The central bank in Australia is called the Reserve Bank. They have recently realized (at last) that CPI inflation is no longer a threat and that the Australian economy is actually having difficulty in growing. Today, 4th June 2019, they finally lowered their key interest rate after delaying a decision for 6 months.
I have consistently written over a long period of time about the new economic paradigm of persistent low economic growth, low CPI inflation and low interest rates in the advanced economies (of which Australia is one). But most central bankers in those economies persist in regarding themselves as “inflation fighters”. This error in perception has actually been damaging over the last 10 years since the GFC (Global Financial Crisis) of 2008 because interest rate settings have been kept too high for too long. The fact is that central bankers have a very big influence upon economic expectations and if they are consistently wrong in their assessments of the present and the future, then those errors in judgement will feed into the economy.
Most economists say that central bankers only affect short term interest rates. But that is not true. If short term interest rates are rising or persistently forecast to rise or persistently not lowered due to an incorrect perception of a future “inflation threat”, then all the settings of yield in new government bond issuances will be distorted in an upwards direction. The steepness of the government bond yield curve over 20 – 30 years will be exaggerated. Over time as the “inflation threat” does not materialize, the secondary market for those bonds will manifest these errors and the market will become distorted by buyers seeking the exaggerated yields. Thus, the whole government bond yield curve will start to progressively move downwards and will approach flatness (or inversion) because of this distorted search for yield.
This is what has happened over the last 12 months in the yield curves for government bonds in the US, Japan, Germany, France, the UK, China, India, Hong Kong, South Korea, Singapore, Thailand, Canada and Australia. I have looked closely at all of those national bond yield curves and they have all undergone the same 12 month journey to lower and lower yields. Interest rates are falling right across the advanced economy world.
Only one conclusion can be reached from such an analysis — ALL of those central bankers got it wrong 12 months ago. ALL of them overestimated the “threat of future inflation”. ALL of them set their key benchmark interest rates too high. And, as a result, ALL of them created distorted yield curves as governments set their new bond yields at unsustainably high levels.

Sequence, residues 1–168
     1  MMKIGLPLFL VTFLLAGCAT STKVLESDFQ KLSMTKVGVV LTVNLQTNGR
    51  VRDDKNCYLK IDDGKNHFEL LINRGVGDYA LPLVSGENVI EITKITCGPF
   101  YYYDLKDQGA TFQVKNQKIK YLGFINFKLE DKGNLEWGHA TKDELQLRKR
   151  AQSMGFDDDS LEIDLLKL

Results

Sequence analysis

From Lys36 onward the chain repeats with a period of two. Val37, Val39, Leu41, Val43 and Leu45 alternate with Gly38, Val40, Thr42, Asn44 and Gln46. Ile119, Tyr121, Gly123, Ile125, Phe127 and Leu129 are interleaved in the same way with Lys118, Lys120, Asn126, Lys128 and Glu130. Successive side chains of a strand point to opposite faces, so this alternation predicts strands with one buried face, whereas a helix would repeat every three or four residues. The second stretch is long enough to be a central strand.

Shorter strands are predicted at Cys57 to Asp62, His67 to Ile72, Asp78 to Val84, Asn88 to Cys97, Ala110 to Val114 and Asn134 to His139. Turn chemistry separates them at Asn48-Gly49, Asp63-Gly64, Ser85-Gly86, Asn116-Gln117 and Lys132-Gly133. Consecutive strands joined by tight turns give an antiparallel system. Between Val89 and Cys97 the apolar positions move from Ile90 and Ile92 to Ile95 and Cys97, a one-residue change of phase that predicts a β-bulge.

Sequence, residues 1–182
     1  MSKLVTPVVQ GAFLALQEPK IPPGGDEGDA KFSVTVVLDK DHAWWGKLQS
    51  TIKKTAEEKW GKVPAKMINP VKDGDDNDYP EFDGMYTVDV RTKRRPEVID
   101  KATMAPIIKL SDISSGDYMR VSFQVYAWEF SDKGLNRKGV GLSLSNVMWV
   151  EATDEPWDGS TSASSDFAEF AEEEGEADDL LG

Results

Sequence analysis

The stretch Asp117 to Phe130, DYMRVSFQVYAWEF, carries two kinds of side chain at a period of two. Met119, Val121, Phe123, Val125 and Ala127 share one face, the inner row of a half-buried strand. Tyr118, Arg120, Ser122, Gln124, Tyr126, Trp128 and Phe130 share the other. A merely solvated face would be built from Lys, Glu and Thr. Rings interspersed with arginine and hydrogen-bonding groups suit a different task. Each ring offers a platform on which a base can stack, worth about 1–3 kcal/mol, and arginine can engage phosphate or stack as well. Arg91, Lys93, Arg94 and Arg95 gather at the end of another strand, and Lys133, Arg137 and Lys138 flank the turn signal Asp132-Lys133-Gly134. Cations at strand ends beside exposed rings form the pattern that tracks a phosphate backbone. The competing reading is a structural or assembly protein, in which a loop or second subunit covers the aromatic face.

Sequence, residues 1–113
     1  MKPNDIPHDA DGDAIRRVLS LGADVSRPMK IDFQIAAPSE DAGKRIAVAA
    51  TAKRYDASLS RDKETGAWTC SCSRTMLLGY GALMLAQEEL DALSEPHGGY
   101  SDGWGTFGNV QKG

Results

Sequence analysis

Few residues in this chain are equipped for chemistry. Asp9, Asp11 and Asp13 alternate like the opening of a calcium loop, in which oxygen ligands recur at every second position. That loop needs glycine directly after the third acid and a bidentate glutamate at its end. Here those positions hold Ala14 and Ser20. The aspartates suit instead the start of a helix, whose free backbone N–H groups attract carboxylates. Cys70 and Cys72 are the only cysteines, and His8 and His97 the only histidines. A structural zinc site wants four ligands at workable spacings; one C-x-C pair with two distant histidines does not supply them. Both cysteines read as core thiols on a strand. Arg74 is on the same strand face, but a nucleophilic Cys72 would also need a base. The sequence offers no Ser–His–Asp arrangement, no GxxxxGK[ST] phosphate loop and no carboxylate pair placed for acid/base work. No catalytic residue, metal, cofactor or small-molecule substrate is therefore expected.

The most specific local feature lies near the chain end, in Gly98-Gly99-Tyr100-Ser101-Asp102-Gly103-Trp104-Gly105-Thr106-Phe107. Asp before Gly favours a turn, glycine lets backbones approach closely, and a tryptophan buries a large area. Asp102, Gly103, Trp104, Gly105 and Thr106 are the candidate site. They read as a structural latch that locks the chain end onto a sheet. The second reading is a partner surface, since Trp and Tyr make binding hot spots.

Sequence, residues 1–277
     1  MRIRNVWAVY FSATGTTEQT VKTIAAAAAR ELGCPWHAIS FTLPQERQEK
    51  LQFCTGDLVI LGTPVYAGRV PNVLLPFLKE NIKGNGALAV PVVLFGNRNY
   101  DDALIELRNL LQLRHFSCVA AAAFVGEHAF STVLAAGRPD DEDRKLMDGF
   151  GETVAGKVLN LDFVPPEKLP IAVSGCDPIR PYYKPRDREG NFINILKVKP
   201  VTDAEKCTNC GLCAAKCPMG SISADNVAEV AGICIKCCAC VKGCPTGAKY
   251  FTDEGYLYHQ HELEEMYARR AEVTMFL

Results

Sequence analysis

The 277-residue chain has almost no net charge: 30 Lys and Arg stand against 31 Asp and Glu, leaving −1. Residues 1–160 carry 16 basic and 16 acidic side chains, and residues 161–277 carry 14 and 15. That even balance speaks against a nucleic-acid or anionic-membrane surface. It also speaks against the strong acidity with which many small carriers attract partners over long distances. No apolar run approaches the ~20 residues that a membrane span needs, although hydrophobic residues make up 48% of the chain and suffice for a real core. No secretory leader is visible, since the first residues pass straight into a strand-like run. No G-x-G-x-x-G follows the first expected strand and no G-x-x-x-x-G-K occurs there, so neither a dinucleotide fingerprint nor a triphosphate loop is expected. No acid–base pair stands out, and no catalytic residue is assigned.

These central bankers do not watch the impact of demographic change. They do not watch the dynamics of energy supply. And they do not understand the deflationary impact of technology which can be exponential in effect. They understand their old enemy, CPI inflation but they are ill equipped to understand the drivers of dis-inflation (falling rates of inflation) and deflation (negative inflation).
In regard to the impact of technological change, robotization is a good example. Robots can be programmed to make other robots. Robots making robots making robots. Who would have thunk it? And, with the advent of the Internet of Things, many robots will soon be engaged in communicating with other robots. I call it The Machine Conversation. More and more efficiency should be the natural outcome of that and there is simply no way that this dynamic can be CPI inflationary. Thus, it must be disinflationary or deflationary.
Lower and lower relative energy costs and aging demographics have similar effects and those effects can be similarly exponential (they feed on themselves).
Let’s look at oil prices. West Texas crude oil was priced at US$ 145 in July 2008. It is now just $ 53 (and falling recently) and has been as low as $ 29 in early 2016. It is often said that energy underwrites all economic activity and oil is the energy source that is generally regarded as the sine qua non — in other words, without oil, nothing happens. So, using that rationale, how can we be facing any threat from CPI inflation if the price of oil has reduced by this great margin over the last decade?
In regard to demographics and aging, the growth in total annual global population of the below 60 years age group peaked in 1988 and has been falling ever since. There was a second lower peak around 2010 but, since then, the growth of this critical age group has fallen almost every year. In the OECD nations plus Russia, China and Brazil, the growth rate of this age group has gone negative. It went negative in 2016 and forecasts out to 2050 show continued negative growth.
The 0 – 60 year age group is the critical group for economic activity. After 60 years of age, we are no longer forming new families, purchasing homes and furnishing them. Most consumerist activity occurs below the age of 60 years. That is why it is important to watch the demographic trends in that group.
Dis-inflation is the lowering of inflation rates. Deflation is negative inflation rates. Central bankers and governments have not yet grasped that this is the new economic paradigm. They continue to fight inflation and expect GDP “growth”. They are living in the past. Until they understand this, they will continue to make errors in both monetary policy (interest rate settings by central banks) and fiscal policy (government expenditure).
Low CPI inflation, relatively low energy costs and increased technological change are here to stay. What happens next? In economics, “things work until they don’t”.
Make your own conclusions, do your own research. Avestix does not offer investment advice.
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